Working with casino executives does not come naturally for Ralph Perrazzo. In 2002, when Caesars Palace’s Greg Waldron flew him in from New York to offer him a job at the property’s new restaurant Bradley Ogden, he accepted the trip and partied hard on the casino’s dime. The meeting, however, did not go well.
“I called him a suit,” Perrazzo recalls.
“I was like, ‘You know what man? I like where I’m at right now. I really don’t want to work for a suit. It seems very corporate here. Thank you for the time, I really appreciate it. I’ll just take my trip back.’ ”
The arrogant young chef’s culinary school friends who had arranged the trip and interview eventually smoothed things over. He joined the Bradley Ogden team in 2003, and the restaurant went on to win the prestigious James Beard Award for Best New Restaurant.
But when Waldron later secured Perrazzo the pastry chef position at the casino’s next big restaurant, Guy Savoy, he again found himself in a clash of personalities while training in Paris.
“I did not get along with the (Paris) pastry chef at all,” he says tactfully, before admitting he may have spewed a few choice words in the French chef’s direction and was summoned back to Las Vegas and fired.
In light of that history, it can be hard to imagine Perrazzo as a part the Station Casinos family. And yet his new restaurant bBd’s (Beers, Burgers, Desserts) is set to open at Palace Station on Labor Day weekend.
Meat, beer, music, art
Like the Long Island original Perrazzo opened in 2013, the local bBd’s will be a celebration of meat, beer, heavy metal and other music, and darkly provocative art.
The chef spends some of his time obsessing on details such as how much weight the meat racks in his showcase butcher shop will hold, ensuring the proper head on a Belgian beer, which paintings by world-renowned tattoo artists to hang on his walls, the quality of locally grown produce and whether Megadeth will be available to play the after-party for his opening. He’s doing all this under the watchful eyes of a company full of “suits.”
Perrazzo — an imposing figure thanks to his large, heavily-tattooed frame, shaved head and full beard — doesn’t deny he’s received some pushback on a few ideas. There will be no “dead babies” in the art collection (a joking reference to an unsettling painting of a doll by artist Shawn Barber). And there will be no heavy metal concert in Palace Station’s parking lot on a holiday weekend.
The chef spends far more time, however, talking about the many ideas he’s gotten approved, such as the meticulous (and pricey) tap system he insists is superior to any in Las Vegas. The dining room feels completely removed from the casino floor, accessible through a hallway lined with his favorite art. And that butcher shop will showcase hanging slabs of beef and chefs grinding meat for all to see. Perrazzo credits those victories to Station Casinos’ billionaire principals Frank and Lorenzo Fertitta, whom he believes understand his rock and roll sensibility.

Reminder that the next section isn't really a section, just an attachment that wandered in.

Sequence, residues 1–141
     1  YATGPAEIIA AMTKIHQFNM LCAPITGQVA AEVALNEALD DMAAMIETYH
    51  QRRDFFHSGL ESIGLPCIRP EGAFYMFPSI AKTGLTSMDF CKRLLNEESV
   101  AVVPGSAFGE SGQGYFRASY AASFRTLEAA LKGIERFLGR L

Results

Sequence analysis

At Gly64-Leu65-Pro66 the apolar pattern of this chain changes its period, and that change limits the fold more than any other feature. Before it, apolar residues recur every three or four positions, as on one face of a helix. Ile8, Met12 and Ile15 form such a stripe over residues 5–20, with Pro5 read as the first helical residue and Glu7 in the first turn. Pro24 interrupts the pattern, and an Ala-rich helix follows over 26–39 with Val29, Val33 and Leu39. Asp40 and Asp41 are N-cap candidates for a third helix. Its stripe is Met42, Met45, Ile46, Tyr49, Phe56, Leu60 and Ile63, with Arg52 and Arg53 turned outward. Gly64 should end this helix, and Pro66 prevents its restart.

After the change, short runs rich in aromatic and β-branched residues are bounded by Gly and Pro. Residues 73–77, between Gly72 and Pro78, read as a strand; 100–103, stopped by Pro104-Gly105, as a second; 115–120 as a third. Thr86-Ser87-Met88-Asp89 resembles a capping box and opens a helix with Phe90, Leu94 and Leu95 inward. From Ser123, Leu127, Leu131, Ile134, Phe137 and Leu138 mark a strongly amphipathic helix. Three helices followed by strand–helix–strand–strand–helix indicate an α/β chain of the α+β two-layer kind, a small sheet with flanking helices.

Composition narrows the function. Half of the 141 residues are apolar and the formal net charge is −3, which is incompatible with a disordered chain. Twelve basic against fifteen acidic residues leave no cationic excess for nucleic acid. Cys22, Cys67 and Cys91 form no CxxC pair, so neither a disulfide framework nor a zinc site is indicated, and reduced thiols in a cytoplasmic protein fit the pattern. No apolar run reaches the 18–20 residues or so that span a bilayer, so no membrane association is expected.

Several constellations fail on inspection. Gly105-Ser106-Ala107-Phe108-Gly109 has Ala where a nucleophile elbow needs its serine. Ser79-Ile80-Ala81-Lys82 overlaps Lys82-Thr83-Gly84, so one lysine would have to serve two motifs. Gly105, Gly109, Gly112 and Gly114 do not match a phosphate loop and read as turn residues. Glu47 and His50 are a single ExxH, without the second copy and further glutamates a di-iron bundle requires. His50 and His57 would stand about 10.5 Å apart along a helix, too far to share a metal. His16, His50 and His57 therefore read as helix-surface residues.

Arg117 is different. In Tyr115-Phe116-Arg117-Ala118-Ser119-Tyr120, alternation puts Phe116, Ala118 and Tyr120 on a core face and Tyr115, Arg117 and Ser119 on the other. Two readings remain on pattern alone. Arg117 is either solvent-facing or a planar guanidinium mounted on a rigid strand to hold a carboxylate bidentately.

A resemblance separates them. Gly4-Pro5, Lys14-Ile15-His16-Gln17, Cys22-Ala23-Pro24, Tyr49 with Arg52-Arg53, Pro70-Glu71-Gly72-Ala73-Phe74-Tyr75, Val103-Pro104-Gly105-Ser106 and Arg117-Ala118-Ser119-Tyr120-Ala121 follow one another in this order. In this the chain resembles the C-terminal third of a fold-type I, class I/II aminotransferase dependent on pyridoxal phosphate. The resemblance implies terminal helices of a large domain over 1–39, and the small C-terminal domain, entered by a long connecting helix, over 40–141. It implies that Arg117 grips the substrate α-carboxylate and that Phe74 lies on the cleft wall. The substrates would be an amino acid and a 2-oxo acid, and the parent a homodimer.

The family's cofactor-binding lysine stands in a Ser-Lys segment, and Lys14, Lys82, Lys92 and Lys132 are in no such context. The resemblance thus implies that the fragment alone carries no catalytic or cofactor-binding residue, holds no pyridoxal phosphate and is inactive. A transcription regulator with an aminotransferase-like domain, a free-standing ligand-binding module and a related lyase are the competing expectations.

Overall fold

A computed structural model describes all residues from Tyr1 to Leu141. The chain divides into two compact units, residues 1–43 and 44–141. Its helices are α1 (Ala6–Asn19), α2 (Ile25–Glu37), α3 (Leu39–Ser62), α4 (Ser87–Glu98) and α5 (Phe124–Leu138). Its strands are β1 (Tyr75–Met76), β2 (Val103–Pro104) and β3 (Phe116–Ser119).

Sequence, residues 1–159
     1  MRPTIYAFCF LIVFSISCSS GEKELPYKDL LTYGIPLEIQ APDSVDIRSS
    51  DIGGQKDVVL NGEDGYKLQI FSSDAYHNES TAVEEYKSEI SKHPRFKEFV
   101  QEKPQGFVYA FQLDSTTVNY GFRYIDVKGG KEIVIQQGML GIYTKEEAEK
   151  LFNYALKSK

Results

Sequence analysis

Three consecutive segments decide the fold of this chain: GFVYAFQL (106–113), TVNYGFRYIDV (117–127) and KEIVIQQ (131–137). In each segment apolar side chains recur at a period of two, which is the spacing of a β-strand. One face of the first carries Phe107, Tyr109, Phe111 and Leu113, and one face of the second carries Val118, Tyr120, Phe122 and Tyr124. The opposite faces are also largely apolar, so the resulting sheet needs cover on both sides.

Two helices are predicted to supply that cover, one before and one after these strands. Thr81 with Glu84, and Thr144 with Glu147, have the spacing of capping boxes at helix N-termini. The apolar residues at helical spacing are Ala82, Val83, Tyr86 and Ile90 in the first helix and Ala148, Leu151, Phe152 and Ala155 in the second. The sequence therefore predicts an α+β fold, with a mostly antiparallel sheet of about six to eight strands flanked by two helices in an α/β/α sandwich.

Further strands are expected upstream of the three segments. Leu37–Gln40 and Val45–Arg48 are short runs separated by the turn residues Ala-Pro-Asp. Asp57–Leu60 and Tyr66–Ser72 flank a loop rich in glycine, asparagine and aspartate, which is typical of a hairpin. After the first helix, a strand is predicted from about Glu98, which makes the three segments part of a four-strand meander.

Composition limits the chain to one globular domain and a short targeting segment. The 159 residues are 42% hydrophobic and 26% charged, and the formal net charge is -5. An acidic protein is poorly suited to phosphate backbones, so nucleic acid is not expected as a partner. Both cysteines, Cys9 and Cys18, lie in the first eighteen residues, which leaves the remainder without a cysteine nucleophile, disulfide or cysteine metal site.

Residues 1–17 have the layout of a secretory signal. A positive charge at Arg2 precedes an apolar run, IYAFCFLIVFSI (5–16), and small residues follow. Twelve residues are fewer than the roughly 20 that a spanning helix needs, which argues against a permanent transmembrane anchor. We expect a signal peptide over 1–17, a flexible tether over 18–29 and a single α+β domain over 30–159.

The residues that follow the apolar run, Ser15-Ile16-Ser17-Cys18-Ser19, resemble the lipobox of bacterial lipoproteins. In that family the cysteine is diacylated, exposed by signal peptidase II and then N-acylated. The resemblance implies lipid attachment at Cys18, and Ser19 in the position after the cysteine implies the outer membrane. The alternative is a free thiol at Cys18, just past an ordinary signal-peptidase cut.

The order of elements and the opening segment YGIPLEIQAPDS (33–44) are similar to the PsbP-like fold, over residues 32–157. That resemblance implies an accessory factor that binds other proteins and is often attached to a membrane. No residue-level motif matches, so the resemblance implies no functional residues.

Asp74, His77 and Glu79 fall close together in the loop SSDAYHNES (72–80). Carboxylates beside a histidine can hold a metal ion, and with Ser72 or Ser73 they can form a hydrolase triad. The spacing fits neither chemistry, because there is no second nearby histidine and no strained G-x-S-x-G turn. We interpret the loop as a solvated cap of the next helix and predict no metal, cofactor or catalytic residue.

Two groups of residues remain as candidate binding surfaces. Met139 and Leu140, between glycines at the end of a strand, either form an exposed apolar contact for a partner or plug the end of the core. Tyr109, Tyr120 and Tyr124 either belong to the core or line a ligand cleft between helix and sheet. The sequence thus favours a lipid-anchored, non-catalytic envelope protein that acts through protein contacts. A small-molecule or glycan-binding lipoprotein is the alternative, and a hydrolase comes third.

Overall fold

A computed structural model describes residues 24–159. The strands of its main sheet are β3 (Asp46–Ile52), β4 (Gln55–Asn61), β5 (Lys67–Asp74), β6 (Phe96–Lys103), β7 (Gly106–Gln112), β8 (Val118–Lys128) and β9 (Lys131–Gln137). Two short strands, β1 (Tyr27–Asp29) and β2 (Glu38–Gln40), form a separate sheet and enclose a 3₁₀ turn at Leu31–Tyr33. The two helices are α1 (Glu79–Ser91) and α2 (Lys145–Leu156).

“Frank and Lorenzo are putting a dead shark over a bar and finding out how to make that work,” he says, referring to the controversial work by artist Damien Hirst that adorns the Unknown bar in Stations’ newly renovated Palms. “So in my eyes they’re workable people.”
Station may offer a different brand of suits, but Perrazzo, who turns 39 this month, is also different. After being fired by Caesars, the same executive who let him go arranged for a job with nightlife powerhouse Pure Management Group. There, he hung out with celebrities at their restaurants Social House and Company American Bistro. But things began to change in 2008.
“I think we all can remember where we were when Pure got raided by the IRS,” he says of the criminal probe that rocked the nightclub world just as the recession was starting to hit Las Vegas.
As he approached his 29th birthday, the chef knew he needed to do something a little more real.
One Sunday after an extended ride on his Harley, he met his friend Hugo Moreno at a dive bar on Blue Diamond Road and began contemplating the future.
“He said, ‘What are your favorite things?’ I said, ‘I love beer. I love burgers. And desserts I guess.’ ”
With that, the idea for bBd’s was born. He spent the next five years on research and weathered a roller coaster ride of unreliable investors, unglamorous jobs and struggling to pay the rent as he tried to get it off the ground. When he found a space near his sister’s home in Long Island, he negotiated a deal to renovate the space for free, supplying much of the labor himself in exchange for a deal on rent.
“It was brutal for me.”
The restaurant opened to public and critical acclaim, including a win at the New York City Wine & Food Festival’s Burger Bash. But even that success was bittersweet.
“I had a friend who helped out, and I made him a partner, and maybe six months into the project he was stealing from me.”
Business side of things
Perhaps that decade of struggles helped change Perrazzo’s attitude. It certainly made him more appreciative of “suits.”
“I’ve learned that your lawyer and your CPA and your bookkeeper are your best friends,” he says without a hint of irony. And, he adds, as an owner worried about the success of his brand, he speaks the language of his corporate partners.
“If I want to build a custom grill that works with my concept, I can explain it to them from a business standpoint.”
It’s a collaborative process that the chef has come to appreciate.
“What’s cool is they let me do what I want to do, and now they embrace it.”